1/2 tsp. salt
1/2 tsp. ground cloves
1 C. fresh figs, peeled, chopped
1/2 C. walnuts, chopped
Preheat oven to 350 degrees. Cream sugar and shortening and add beaten egg. In a medium-sized bowl, sift dry ingredients. Add flour mixture to creamed mixture, blending well. Fold in figs and nuts. Drop by spoonfuls on greased sheet. Bake for 15 to 20 minutes. Store cooled cookies in an airtight container in the pantry for up to a week. Makes about three dozen.
Fresh Fig Salsa
This salsa, made with sweet figs and mango, goes well with grilled meats, poultry or seafood. From ChefMom.com.
2 C. (about 1 pound) fresh firm-ripe figs, stemmed, diced
2 fresh green onions, sliced crosswise
2 medium tomatoes, peeled, seeded, coarsely chopped
1 C. peeled and diced mango
2 Tbsp. finely chopped fresh mint
2 cloves garlic, minced
2 jalapeno peppers, seeded and minced
2 tsp. grated lime peel
2 Tbsp. lime juice
1 Tbsp. balsamic vinegar
Salt and pepper, to taste
Combine all ingredients and chill several hours to blend flavors. Serve with broiled or grilled fish, chicken, pork, beef or lamb or simply eat with chips for dipping.
Grilled Pork and Fig Kabobs
Fresh figs add interest to these grilled pork kabobs.
1 pound pork tenderloin
2 Tbsp. honey
2 Tbsp. Dijon mustard
2 Tbsp. seasoned rice vinegar
2 Tbsp. unsweetened orange juice
1 clove garlic, minced
8 large fresh figs, halved lengthwise (about 3/4 pound)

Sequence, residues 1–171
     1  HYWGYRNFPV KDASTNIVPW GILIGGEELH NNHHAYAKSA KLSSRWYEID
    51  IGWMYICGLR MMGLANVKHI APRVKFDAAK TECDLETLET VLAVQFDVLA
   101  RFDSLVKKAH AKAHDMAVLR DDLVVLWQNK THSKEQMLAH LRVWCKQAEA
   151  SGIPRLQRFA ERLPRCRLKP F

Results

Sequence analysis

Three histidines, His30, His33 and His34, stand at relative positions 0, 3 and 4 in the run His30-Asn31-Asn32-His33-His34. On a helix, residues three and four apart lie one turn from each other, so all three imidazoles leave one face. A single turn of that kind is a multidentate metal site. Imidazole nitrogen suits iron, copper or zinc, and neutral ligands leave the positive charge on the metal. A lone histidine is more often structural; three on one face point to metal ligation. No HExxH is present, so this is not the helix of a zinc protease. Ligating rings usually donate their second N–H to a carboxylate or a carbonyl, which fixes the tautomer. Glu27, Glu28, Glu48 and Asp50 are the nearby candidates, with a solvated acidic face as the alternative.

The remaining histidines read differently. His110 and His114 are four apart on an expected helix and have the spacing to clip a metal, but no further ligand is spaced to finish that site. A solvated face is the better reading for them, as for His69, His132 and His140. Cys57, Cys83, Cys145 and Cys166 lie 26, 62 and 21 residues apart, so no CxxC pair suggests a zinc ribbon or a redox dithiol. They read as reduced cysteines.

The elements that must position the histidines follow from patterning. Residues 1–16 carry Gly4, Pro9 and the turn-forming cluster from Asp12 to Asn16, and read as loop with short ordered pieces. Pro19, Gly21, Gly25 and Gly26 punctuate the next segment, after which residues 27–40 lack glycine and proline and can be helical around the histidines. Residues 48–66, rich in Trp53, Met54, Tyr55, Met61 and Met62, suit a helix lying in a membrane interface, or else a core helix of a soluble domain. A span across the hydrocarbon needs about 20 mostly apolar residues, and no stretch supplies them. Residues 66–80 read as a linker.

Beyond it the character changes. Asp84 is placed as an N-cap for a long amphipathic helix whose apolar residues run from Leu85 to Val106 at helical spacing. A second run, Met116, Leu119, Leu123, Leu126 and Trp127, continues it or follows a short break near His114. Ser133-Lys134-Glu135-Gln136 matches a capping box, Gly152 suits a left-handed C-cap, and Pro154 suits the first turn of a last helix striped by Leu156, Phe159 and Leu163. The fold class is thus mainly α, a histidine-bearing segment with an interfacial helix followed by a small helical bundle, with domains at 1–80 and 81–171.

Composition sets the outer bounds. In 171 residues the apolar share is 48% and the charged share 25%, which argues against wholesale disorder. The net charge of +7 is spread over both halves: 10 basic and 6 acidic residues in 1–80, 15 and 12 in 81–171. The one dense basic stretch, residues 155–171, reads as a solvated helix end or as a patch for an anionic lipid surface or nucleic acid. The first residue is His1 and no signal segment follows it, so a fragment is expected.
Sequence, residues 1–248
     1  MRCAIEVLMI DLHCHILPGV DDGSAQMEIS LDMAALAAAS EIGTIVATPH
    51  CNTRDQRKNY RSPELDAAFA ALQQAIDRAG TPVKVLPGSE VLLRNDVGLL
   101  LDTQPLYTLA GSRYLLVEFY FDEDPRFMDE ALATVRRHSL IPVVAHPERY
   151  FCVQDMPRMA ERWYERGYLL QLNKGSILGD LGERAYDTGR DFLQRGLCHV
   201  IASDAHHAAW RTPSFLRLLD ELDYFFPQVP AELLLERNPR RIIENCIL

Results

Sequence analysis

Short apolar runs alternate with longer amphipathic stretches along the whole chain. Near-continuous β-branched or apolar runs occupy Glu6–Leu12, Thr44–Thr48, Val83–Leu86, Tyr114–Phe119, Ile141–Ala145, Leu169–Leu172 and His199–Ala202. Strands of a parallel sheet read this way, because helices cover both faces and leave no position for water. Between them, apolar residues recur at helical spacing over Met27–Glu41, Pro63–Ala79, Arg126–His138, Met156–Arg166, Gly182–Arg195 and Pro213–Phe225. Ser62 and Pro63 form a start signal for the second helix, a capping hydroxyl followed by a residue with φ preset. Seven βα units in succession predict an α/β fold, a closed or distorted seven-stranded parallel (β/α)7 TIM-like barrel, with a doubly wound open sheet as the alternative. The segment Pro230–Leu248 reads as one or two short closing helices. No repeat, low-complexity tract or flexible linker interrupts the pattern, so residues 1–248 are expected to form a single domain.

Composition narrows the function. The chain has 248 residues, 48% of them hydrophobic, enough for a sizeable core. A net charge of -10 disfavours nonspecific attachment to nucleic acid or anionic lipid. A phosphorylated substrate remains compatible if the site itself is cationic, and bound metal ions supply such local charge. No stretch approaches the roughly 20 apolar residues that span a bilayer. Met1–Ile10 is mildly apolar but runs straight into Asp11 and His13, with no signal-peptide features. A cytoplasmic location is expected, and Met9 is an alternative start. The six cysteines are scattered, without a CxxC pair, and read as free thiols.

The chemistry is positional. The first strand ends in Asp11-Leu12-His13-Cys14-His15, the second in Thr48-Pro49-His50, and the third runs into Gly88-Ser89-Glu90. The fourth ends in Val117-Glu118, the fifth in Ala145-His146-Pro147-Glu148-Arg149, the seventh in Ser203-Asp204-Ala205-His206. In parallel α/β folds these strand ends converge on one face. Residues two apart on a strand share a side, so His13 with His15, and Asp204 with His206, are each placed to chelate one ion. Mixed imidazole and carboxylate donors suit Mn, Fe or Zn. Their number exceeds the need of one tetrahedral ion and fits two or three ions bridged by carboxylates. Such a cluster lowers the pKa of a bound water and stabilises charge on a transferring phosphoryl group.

8 (8- to 10-inch) metal or wooden skewers
1. Trim fat from pork, and cut crosswise into 16 slices. Combine honey, mustard, vinegar, orange juice, and garlic in a shallow, nonmetal dish. Add pork, turning to coat. Cover and marinate in refrigerator for at least 30 minutes.
2. Remove pork from the marinade. Thread 4 pork slices onto each of 4 (8-inch) skewers. Thread 4 fig halves lengthwise onto each of another 4 (8-inch) skewers.
3. Coat grill rack with nonstick cooking spray and preheat to medium-high. Place pork kabobs on rack and cook 4 minutes.
4. Turn pork skewers over, and place fig skewers, cut sides up, on rack. Cook for 4 minutes or until pork is done and figs are thoroughly heated. Serve with rice (and fig salsa), if desired.
Note: Soak wooden skewers in water for 30 minutes before use to prevent wood from flaming on the grill.
Serves four.
– – –
Clyde Overcash, who has several large fig bushes in his yard, shared this recipe ó more than a century old ó for candied dried figs.
Aunt Sally Parnell’s Candied Dried Figs
2 C. sugar
2 C. water
2 quarts figs
Boil sugar and water 10 minutes. Add figs and simmer for 45 minutes. Let stand overnight.
Simmer 30 minutes second day. Let stand overnight.
Simmer 30 minutes third day. Let stand overnight.
Remove from pot and let dry. Roll in sugar. Place in packing container or freezer.